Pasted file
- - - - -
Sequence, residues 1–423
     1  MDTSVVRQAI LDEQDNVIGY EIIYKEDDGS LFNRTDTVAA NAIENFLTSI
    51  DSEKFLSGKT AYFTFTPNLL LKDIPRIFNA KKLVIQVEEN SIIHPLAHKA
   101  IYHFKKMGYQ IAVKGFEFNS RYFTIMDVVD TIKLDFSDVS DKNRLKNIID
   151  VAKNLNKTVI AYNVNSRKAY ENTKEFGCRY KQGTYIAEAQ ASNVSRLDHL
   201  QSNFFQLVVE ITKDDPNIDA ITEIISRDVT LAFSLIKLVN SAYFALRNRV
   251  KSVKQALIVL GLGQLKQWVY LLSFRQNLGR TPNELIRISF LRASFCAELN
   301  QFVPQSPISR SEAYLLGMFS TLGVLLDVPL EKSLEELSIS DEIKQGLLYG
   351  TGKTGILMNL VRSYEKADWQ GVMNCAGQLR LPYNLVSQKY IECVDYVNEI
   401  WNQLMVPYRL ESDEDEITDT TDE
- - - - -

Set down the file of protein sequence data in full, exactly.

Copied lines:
Sequence, residues 1–423
     1  MDTSVVRQAI LDEQDNVIGY EIIYKEDDGS LFNRTDTVAA NAIENFLTSI
    51  DSEKFLSGKT AYFTFTPNLL LKDIPRIFNA KKLVIQVEEN SIIHPLAHKA
   101  IYHFKKMGYQ IAVKGFEFNS RYFTIMDVVD TIKLDFSDVS DKNRLKNIID
   151  VAKNLNKTVI AYNVNSRKAY ENTKEFGCRY KQGTYIAEAQ ASNVSRLDHL
   201  QSNFFQLVVE ITKDDPNIDA ITEIISRDVT LAFSLIKLVN SAYFALRNRV
   251  KSVKQALIVL GLGQLKQWVY LLSFRQNLGR TPNELIRISF LRASFCAELN
   301  QFVPQSPISR SEAYLLGMFS TLGVLLDVPL EKSLEELSIS DEIKQGLLYG
   351  TGKTGILMNL VRSYEKADWQ GVMNCAGQLR LPYNLVSQKY IECVDYVNEI
   401  WNQLMVPYRL ESDEDEITDT TDE